Motion Sickness And How To Deal With It

Hey Thrill Seekers,

Now straight off the bat, I’m no Doctor… I have no medical qualifications apart from a first aid badge I got in the Cubs many, many moons ago. So this post has no medical basis at all and you should always consult a professional rather than this blog.

Today’s post is one close to my heart… or should I say stomach! Its about Motion Sickness, with theme park trends pushing towards more 3D based attractions those of us who suffer with motion sickness are having a rough ride, literally. Just a quick look at Universal Studios is enough to make those of us who suffer tremble with fear, The Simpson’s Ride, Minion Mayhem, Transformers 3D and Harry Potter and the Escape from Gringotts all use 3d elements and can cause motion sickness, they even warn you before hand.

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So I thought I’d investigate, to try and create a guide for those of us who suffer but still want to experience the ride. I’ll start off with some of the less scientific methods I personally have used in the past.

Close your eyes

I don’t want to be the one who didn’t go on a ride and spoiled it for everyone else. I know my family wouldn’t give me grief (much) but I still feel if I’ve flown all the way to Orlando I should be giving it a go.

So my first way around motion sickness is to simply close my eyes……. and pray. FOr me closing my eyes and going to my happy place stops me from getting motion sickness. The downside being, I see nothing of the ride.

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Sit out

Don’t be like me! Motion Sickness can really spoil a day at a theme park. If you don’t think you can do it then don’t do it. There are plenty of other rides to go on… plus every party needs a bag holder!

Now for some science…

Treating motion sickness

Mild symptoms of motion sickness can usually be improved using techniques such as fixing your eyes on the horizon or distracting yourself by listening to music.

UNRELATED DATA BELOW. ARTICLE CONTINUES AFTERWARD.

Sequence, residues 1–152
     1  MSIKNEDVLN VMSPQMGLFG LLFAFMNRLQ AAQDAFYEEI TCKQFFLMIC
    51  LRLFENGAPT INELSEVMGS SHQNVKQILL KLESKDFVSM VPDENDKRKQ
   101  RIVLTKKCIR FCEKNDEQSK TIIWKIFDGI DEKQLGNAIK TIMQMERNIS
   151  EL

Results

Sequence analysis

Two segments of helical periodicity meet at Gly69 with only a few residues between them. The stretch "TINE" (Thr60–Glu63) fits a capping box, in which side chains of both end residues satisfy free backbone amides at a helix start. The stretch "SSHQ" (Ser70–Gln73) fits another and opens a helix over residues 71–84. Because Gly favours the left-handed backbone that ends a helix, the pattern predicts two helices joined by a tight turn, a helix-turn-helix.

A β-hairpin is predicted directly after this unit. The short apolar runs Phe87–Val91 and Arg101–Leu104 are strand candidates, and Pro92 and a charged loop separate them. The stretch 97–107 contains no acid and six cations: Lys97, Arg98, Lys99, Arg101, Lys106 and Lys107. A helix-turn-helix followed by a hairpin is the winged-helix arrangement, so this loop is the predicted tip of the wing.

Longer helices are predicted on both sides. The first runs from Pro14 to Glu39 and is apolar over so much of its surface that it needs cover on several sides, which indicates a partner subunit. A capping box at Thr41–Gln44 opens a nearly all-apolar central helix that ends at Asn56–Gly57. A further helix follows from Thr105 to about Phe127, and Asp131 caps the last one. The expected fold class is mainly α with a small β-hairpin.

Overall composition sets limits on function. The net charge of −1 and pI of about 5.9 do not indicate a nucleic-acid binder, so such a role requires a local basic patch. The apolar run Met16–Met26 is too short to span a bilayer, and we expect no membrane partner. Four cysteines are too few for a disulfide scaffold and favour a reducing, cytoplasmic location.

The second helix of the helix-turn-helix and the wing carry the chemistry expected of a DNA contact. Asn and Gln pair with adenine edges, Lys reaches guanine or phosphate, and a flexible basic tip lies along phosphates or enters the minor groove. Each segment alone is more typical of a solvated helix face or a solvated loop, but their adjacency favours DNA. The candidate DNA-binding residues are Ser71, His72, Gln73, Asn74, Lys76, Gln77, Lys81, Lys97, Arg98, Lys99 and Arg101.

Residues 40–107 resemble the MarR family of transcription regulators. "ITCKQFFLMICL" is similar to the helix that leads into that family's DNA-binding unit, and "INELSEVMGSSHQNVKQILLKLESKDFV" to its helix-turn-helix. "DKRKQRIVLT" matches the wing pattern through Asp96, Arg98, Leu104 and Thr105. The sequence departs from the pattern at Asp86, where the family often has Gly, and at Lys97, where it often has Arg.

Other self care techniques you could try include:

  • Keep still – if possible, choose a cabin or seat in the middle of a boat or plane, because this is where you’ll experience the least movement. Use a pillow or headrest to help keep your head as still as possible.
  • Look at a stable object – for example, the horizon. Reading or playing games may make your symptoms worse. Closing your eyes may help relieve symptoms.
  • Fresh air – open windows or move to the top deck of a ship to avoid getting too hot and to get a good supply of fresh air.
  • Relax – by listening to music while focusing on your breathing or carrying out a mental activity, such as counting backwards from 100.
  • Stay calm – keep calm about the journey. You’re more likely to get motion sickness if you worry about it.

Medicines

Or you could get yourself down your local pharmacy and look in to purchasing yourself some of these;

Hyoscine

Hyoscine, also known as scopolamine, is widely used to treat motion sickness. It’s thought to work by blocking some of the nerve signals sent from the vestibular system.

Hyoscine is available over the counter from pharmacists. To be effective, you’ll need to take it before travelling. If you’re going on a long journey – for example, by sea – hyoscine patches can be applied to your skin every three days.

Antihistamines

Antihistamines are used to treat symptoms of allergies, but can also help to control nausea and vomiting. They’re less effective at treating motion sickness than hyoscine, but may cause fewer side effects.

They’re usually taken as tablets one or two hours before your journey. If it’s a long journey, you may need to take a dose every eight hours. Like hyoscine, some antihistamines can cause drowsiness. Your pharmacist can advise you.

Acupressure bands

Acupressure bands are stretchy bands worn around the wrists. They apply pressure to a particular point on the inside of your wrist between the two tendons on your inner arm.

Some complementary therapists claim that using an acupressure band can help to treat motion sickness. Although acupressure bands don’t cause any adverse side effects, there’s little scientific evidence to show they’re an effective treatment for motion sickness.

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I know its a pain but don’t let your inner ear and eyes spoil your theme park holiday.

Have you got any secret Motion Sickness cheats you use, if so please feel free to share them with us below…

Remember: I’m not a doctor. Medical information was researched using the NHS website.

Smiles included…

Jamie

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